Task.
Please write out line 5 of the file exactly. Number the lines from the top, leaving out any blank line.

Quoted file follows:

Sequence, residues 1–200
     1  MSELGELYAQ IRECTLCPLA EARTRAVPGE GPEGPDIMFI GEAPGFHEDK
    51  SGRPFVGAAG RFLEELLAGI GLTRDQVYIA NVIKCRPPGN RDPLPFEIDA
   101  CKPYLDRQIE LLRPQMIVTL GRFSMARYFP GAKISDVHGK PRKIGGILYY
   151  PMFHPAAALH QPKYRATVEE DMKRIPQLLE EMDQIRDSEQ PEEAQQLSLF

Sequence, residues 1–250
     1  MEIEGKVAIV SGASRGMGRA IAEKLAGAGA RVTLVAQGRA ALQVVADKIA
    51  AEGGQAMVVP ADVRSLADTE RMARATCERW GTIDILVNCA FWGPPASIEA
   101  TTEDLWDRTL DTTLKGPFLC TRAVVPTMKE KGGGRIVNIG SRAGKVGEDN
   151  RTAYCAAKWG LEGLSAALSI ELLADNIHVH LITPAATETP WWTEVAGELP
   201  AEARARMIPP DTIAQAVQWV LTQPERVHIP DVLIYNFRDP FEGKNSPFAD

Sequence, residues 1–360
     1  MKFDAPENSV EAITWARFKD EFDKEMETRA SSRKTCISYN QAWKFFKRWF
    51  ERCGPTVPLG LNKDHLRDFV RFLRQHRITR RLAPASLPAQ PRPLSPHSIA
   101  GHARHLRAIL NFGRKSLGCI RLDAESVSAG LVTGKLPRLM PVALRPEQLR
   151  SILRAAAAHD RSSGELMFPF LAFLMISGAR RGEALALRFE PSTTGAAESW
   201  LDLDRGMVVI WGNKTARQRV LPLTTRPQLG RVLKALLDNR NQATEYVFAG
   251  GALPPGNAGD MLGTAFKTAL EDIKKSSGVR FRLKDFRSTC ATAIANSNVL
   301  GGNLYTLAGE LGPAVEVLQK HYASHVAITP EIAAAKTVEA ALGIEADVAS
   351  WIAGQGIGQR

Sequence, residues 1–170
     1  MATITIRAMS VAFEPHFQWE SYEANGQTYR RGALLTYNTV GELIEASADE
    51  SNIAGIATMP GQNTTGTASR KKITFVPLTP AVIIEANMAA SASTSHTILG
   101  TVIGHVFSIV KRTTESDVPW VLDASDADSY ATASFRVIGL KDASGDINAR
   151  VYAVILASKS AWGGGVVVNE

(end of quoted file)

   151  PMFHPAAALH QPKYRATVEE DMKRIPQLLE EMDQIRDSEQ PEEAQQLSLF